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Where We Live A Home Geography   By: (1875-)

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First Page:






Supervising Principal of the Richardson L. Wright School, Philadelphia

PHILADELPHIA, 1913, 1914 CHRISTOPHER SOWER COMPANY 124 North Eighteenth Street


Page Foreword 5 Introduction 7

PART ONE I. Our School 11 II. The Streets and Roads 17 III. The Buildings 22 IV. The Town as a Whole 31 V. The People 36 VI. Industries and Occupations 42 VII. Animals and Plants 46 VIII. Transportation and Communication 50 IX. Physiography of the Neighborhood 54 X. Direction 66

PART TWO I. The Earth as a Whole 73 II. The Seasons 79 III. The Zones 82 IV. North America 93 V. Countries of North America 100 VI. Trips 105


I. The Western Hemisphere 74 75 II. The Eastern Hemisphere 74 75 III. The World 82 IV. Surface Map of North America 96 V. North America 100


Once upon a time as four blind men sat by the roadside they heard the tramp of an elephant's feet, and said one to another, "Here comes an elephant; now we shall know what he is like." The first blind man put out his hand and touched the elephant's broad side. The second took hold of a leg. The third grasped a tusk, and the fourth clutched the animal's tail.

"Now do you know what an elephant looks like?" asked a friend.

"Yes," cried the first. "The elephant is broad and flat like a barn door."

"What!" exclaimed the second. "The elephant is big and round like the trunk of a tree."

"Not so!" cried the third. "The elephant is hard and smooth like a polished stone."

"What are you all talking about?" cried the fourth. "The elephant is just like a piece of rope."

Much so called teaching of geography leads to just such incomplete and fantastic ideas about geographical concepts. Very many children have only vague, incomplete and incorrect conceptions of the things they see. Like these physically and mentally blind men we are too often satisfied with mere wordy descriptions of subjects when we might study the subject at first hand if we would.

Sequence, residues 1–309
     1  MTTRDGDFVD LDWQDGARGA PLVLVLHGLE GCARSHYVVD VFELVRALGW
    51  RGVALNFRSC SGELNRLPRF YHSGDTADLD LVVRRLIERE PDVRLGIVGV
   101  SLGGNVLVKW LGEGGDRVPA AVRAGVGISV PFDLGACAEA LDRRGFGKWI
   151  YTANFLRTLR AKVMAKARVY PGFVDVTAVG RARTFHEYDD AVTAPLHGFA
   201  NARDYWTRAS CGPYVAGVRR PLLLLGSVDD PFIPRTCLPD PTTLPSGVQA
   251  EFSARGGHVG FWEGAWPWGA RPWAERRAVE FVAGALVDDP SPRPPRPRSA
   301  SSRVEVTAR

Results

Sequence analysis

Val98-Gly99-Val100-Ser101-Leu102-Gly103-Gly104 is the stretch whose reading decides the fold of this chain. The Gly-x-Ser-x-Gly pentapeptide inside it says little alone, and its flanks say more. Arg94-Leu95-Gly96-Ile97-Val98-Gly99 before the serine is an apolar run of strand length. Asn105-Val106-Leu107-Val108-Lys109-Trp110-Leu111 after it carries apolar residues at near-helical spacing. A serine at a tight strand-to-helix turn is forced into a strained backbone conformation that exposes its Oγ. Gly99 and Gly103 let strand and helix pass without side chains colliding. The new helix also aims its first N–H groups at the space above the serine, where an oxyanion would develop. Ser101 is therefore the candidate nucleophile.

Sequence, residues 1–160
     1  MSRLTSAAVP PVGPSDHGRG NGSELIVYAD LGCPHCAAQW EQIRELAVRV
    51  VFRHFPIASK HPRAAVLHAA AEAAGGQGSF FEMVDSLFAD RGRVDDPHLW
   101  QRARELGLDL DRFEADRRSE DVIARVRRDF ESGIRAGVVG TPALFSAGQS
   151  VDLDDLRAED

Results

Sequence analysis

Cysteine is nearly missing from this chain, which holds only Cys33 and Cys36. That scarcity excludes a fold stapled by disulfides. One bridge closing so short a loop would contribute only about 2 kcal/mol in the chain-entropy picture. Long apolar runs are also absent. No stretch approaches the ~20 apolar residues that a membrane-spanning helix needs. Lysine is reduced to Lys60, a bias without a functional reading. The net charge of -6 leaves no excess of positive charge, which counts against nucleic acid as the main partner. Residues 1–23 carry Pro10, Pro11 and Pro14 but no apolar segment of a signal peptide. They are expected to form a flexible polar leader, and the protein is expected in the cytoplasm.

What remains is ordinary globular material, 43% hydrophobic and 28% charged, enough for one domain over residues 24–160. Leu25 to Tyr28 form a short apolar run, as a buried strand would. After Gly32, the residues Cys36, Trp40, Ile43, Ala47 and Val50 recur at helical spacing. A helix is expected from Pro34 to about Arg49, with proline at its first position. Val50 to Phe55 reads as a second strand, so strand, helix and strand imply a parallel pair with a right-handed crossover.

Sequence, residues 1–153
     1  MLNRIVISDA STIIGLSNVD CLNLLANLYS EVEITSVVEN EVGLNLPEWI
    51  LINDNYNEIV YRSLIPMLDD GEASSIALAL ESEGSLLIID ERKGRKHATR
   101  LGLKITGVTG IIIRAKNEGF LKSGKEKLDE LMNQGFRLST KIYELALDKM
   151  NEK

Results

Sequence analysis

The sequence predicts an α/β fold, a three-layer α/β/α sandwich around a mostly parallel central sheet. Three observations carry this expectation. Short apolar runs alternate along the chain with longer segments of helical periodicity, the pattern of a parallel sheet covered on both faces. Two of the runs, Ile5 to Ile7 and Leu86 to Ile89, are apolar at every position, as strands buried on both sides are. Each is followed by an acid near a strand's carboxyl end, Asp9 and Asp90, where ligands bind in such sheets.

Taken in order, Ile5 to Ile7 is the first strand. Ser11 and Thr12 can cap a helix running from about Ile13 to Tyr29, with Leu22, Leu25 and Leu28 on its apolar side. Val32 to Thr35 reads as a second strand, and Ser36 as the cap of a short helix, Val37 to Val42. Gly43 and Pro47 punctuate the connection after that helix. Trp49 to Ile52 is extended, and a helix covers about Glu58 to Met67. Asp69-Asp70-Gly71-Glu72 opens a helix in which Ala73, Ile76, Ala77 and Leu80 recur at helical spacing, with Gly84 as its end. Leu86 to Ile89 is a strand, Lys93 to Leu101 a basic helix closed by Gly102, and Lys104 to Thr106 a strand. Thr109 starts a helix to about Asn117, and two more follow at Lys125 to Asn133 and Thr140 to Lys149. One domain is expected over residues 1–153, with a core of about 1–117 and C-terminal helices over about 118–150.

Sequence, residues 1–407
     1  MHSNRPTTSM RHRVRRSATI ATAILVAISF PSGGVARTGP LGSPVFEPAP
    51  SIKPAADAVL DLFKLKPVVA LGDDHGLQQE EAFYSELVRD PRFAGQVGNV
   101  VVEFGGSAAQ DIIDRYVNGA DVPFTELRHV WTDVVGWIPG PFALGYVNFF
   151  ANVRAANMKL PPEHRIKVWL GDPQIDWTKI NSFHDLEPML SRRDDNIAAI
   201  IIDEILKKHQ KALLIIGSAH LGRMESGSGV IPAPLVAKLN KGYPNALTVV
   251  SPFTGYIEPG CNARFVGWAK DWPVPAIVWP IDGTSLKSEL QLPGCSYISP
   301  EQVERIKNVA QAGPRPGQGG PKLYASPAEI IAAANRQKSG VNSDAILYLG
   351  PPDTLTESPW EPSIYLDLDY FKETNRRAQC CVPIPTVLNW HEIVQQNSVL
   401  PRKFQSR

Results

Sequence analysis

This little book is intended to prevent the giving of information by description, but to suggest ways of directing attention to those things which lie within reach of the child's senses, things which he might pass by, things which are needed now to stimulate an intelligent interest in his surroundings, things which are needed later for an appreciation and enjoyment of his study of the larger facts and concepts of geography. If the larger geographical concepts are to have accuracy and richness for the child he must have his attention directed to his surroundings. The trite expression "from the known to the unknown" is good pedagogy, but there must be a "known" on which to build.

The book is based upon the author's actual experience in the class room studying the children at their geography tasks. It has been her experience that the efforts of the teachers to build broad geographical concepts were of no avail because the pupils did not have accurate intimate knowledge of the necessary home geography upon which to build. To correct this defect she set about collecting and classifying the necessary material. With the use of this material she not only found that the class teachers had much less difficulty in presenting the study of the earth as a whole, but that an interest beyond all expectation was apparent in the children... Continue reading book >>

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